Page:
Home » Sponsored » Pi Speakers » Low Pass
Low Pass [message #91156] Thu, 14 November 2019 07:39 Go to next message
Barryso is currently offline  Barryso
Messages: 66
Registered: May 2009
Viscount
Discovered some very weird component matching issues when adding subs to the system.

My plate amp is mono and if you cross it over at 100 hz it sounds odd as mono doesn't work quite right at that frequency. Borrowed a Crown amp and some 100hz 2nd order low pass fmods to use the subs in stereo.

The fmods evidently do something weird with impedance. Simply putting the fmods on the rca plugs (the rca's that will be plugged into the sub amp) dramatically lowers the volume of the main speakers. There's also a frequency shift and the highs and lows seem to just vanish.

This happens before the cable and fmods get plugged into the sub amp. Just putting the fmods on the end of the RCA cable is enough to do it.

The tube preamp has a 200 ohm output impedance going into a solid state amp with a 10k input impedance. The same ugly trick happens when using a solid state preamp with an output impedance of less than 1 ohm. Perhaps it isn't quite so dramatic with the solid state preamp but it's still enough of a change to make the fmods useless.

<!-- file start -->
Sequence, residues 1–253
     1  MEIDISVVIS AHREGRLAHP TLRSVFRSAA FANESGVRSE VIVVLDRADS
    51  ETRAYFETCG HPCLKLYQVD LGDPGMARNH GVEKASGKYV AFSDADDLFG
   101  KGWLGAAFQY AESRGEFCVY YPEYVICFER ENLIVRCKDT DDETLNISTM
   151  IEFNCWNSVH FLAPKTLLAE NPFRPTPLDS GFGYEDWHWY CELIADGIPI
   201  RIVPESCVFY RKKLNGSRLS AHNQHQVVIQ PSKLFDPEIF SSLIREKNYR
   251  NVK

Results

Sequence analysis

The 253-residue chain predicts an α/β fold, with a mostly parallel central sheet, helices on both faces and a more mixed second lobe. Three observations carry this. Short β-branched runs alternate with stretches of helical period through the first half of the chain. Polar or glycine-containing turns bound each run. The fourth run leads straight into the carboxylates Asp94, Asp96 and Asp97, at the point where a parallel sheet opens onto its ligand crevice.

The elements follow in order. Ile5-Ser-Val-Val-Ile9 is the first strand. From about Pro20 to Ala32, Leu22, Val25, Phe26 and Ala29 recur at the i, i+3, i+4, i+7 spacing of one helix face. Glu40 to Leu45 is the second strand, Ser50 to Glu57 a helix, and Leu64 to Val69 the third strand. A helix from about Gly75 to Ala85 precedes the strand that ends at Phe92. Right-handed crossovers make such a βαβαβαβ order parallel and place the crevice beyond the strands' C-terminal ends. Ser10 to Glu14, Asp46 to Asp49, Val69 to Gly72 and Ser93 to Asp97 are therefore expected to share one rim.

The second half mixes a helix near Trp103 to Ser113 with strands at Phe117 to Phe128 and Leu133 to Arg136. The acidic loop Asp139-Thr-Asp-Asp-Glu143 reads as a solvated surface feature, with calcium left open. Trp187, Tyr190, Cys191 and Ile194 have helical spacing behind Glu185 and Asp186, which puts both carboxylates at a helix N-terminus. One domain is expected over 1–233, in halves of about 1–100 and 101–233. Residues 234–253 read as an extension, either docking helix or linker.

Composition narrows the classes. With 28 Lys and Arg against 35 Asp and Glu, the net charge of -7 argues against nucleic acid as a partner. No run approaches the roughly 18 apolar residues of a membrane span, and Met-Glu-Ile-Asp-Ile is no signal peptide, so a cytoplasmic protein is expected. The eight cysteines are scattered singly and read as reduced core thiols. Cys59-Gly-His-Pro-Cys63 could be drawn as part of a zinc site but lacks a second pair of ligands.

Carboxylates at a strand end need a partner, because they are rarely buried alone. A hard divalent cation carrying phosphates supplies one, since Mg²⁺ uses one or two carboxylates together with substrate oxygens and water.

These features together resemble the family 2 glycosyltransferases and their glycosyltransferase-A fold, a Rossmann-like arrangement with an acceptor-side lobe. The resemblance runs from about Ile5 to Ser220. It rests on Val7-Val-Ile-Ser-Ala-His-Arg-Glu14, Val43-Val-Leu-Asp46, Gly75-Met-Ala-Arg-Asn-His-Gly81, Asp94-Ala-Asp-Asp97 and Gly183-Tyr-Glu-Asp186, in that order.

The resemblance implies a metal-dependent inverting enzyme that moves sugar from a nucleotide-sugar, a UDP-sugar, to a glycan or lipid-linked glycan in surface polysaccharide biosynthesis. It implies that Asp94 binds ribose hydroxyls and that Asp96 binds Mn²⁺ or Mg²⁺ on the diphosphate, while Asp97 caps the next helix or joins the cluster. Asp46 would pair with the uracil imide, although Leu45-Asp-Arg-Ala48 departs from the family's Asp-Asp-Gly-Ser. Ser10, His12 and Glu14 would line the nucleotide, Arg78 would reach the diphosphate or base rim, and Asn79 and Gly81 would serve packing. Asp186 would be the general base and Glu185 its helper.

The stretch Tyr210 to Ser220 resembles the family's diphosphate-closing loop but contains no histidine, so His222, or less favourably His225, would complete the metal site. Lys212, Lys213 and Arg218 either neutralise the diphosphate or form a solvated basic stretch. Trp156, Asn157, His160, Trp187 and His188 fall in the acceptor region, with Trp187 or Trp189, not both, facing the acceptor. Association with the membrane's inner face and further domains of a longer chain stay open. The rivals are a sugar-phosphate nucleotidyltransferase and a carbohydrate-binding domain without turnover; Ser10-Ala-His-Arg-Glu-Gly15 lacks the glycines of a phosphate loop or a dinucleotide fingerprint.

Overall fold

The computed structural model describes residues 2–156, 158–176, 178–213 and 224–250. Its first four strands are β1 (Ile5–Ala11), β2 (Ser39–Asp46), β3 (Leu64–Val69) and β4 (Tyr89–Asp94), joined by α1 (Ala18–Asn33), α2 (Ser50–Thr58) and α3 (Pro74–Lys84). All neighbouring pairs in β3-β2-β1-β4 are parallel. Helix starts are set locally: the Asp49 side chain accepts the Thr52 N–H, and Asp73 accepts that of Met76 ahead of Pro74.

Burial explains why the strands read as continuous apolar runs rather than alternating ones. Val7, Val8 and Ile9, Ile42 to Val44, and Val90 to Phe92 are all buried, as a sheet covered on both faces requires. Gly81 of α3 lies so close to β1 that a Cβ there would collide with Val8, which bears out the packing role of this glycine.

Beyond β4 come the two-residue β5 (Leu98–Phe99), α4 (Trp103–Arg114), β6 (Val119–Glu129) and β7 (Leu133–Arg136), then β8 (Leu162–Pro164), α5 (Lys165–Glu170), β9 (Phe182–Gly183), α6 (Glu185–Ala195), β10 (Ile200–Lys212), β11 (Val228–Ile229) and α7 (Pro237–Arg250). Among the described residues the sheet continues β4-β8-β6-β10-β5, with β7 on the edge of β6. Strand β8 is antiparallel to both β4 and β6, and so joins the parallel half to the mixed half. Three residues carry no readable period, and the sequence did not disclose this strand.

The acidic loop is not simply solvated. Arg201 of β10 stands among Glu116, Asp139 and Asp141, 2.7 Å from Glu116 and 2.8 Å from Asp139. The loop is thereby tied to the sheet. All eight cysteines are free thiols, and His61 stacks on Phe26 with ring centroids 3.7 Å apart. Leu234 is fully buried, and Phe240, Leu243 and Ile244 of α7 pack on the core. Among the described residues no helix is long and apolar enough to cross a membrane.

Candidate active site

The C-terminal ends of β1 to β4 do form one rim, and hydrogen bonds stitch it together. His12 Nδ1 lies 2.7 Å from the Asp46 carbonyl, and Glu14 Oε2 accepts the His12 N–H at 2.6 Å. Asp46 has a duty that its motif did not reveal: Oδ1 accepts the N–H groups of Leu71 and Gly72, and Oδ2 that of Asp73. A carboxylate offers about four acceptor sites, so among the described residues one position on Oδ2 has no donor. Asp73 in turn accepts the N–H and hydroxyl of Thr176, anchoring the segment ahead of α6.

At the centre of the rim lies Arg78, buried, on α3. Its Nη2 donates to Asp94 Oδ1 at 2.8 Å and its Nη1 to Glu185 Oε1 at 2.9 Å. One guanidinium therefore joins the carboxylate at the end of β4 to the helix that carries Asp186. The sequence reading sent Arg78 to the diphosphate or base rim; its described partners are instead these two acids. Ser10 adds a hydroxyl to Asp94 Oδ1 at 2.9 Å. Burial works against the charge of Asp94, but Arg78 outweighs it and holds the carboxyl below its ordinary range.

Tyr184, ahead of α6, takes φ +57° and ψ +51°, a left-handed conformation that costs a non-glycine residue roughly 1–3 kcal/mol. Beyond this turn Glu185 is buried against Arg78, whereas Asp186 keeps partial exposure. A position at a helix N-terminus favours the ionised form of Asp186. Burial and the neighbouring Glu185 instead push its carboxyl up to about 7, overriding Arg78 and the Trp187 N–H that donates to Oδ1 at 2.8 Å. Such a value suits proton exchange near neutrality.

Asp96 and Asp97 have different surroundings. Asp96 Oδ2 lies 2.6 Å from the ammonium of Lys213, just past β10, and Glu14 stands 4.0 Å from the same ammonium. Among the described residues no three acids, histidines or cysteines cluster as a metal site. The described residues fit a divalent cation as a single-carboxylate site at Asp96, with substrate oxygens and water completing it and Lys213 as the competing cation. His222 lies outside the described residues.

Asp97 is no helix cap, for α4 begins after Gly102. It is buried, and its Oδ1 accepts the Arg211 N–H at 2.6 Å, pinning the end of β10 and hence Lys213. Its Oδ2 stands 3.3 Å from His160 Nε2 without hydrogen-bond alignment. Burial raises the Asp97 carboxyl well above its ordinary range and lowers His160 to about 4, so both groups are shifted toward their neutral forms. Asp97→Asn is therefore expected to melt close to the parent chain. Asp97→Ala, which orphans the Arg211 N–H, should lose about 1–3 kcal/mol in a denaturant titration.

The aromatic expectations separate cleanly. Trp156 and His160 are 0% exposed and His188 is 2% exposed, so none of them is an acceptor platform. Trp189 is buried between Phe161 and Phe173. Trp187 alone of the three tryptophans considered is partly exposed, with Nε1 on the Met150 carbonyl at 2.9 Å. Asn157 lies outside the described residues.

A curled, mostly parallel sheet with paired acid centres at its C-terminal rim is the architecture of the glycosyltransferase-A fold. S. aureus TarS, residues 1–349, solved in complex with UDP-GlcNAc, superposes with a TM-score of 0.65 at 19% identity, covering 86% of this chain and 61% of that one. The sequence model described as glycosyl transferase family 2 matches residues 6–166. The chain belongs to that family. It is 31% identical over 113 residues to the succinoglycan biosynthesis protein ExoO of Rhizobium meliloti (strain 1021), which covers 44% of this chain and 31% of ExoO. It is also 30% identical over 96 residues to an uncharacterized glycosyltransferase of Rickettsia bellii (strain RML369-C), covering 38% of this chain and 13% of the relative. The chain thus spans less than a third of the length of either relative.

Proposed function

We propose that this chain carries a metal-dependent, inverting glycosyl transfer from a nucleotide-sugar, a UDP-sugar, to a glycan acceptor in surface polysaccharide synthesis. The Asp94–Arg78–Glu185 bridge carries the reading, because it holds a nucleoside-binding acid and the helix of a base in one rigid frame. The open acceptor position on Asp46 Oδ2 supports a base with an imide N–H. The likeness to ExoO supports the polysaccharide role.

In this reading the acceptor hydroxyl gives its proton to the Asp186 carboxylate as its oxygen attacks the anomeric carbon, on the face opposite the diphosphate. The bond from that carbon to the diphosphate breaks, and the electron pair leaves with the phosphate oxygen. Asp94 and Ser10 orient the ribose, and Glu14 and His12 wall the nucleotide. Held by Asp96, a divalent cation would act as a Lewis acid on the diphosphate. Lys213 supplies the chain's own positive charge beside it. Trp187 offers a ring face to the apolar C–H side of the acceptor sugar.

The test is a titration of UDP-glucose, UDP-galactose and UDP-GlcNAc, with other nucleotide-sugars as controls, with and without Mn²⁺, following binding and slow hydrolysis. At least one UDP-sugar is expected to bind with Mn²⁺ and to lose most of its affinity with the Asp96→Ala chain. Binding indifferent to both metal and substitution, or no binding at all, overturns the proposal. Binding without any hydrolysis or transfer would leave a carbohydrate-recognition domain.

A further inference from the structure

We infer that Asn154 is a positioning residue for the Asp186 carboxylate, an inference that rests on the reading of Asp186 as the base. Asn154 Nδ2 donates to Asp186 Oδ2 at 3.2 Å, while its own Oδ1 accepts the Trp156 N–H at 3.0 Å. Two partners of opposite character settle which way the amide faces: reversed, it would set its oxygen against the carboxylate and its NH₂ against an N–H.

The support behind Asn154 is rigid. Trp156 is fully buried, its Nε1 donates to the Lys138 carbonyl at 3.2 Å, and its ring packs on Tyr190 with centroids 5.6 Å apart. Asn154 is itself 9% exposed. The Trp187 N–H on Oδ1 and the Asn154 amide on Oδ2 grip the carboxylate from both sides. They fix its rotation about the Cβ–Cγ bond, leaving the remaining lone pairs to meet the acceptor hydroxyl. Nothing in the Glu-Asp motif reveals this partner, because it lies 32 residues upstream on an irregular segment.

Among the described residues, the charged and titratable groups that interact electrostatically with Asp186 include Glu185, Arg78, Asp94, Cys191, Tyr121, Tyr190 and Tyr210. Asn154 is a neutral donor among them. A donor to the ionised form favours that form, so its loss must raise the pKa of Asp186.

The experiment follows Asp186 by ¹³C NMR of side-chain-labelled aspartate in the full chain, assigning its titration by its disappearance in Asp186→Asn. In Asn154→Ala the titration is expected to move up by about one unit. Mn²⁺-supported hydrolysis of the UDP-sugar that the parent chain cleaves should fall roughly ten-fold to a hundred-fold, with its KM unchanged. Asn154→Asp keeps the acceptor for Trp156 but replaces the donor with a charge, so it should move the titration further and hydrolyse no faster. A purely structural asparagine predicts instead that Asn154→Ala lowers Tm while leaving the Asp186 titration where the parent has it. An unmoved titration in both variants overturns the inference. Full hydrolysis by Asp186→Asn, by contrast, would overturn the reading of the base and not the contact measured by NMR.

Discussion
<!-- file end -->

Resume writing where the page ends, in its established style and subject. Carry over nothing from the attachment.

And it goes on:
The borrowed amp is a Crown XLS that has a built in 4th order crossover. The internal crossover is FAR better sounding than the fmods but it doesn't have the preferred 2nd order low pass.

So it's time for plan b. Parts Express has a speaker level crossover that's 100 hz lowpass and is 2nd order. How about a pair of these with a volume pot connected to the speaker outs of a nice Texas Instruments class d amp? Would it make a good sub amp? By putting the crossovers and volume control on the output side of the amp it should bypass the preamp/amp impedance issues.

https://www.parts-express.com/parts-express-100-hz-low-pass-8-ohm-crossover--266-446#lblProductDetails

Has anyone used these or have any idea of their sound quality? Is this a plan or is there a gotcha that I'm not considering?
Re: Low Pass [message #91162 is a reply to message #91156] Thu, 14 November 2019 10:56 Go to previous messageGo to next message
Wayne Parham is currently offline  Wayne Parham
Messages: 17598
Registered: January 2001
Illuminati (33rd Degree)

The problems you're talking about are pretty common. They're impedance-matching problems. The load of the passive crossover is interacting with the output impedance of the preamp. And those inline filters are really lossy too, so I don't like using them. I had hoped they would work, but they really don't.

I've found a few easy solutions:

1. The inexpensive second-order crossovers often used in car stereos
2. Amplifiers with built-in second-order tone controls
3. Mini-DSP

Try this out, Barry. It's an example of solution # 2. I think it will work out well for you. It's super easy to do.

Find an amp with built-in bass and treble controls where the low-pass function in the bass control is 100Hz, second-order. You just turn the treble all the way down and turn the bass all the way up, and the resulting transfer function works nicely for flanking subs. It's a happy accident, I suppose. Level-set the amplitude of the subs to match the mains and you're done.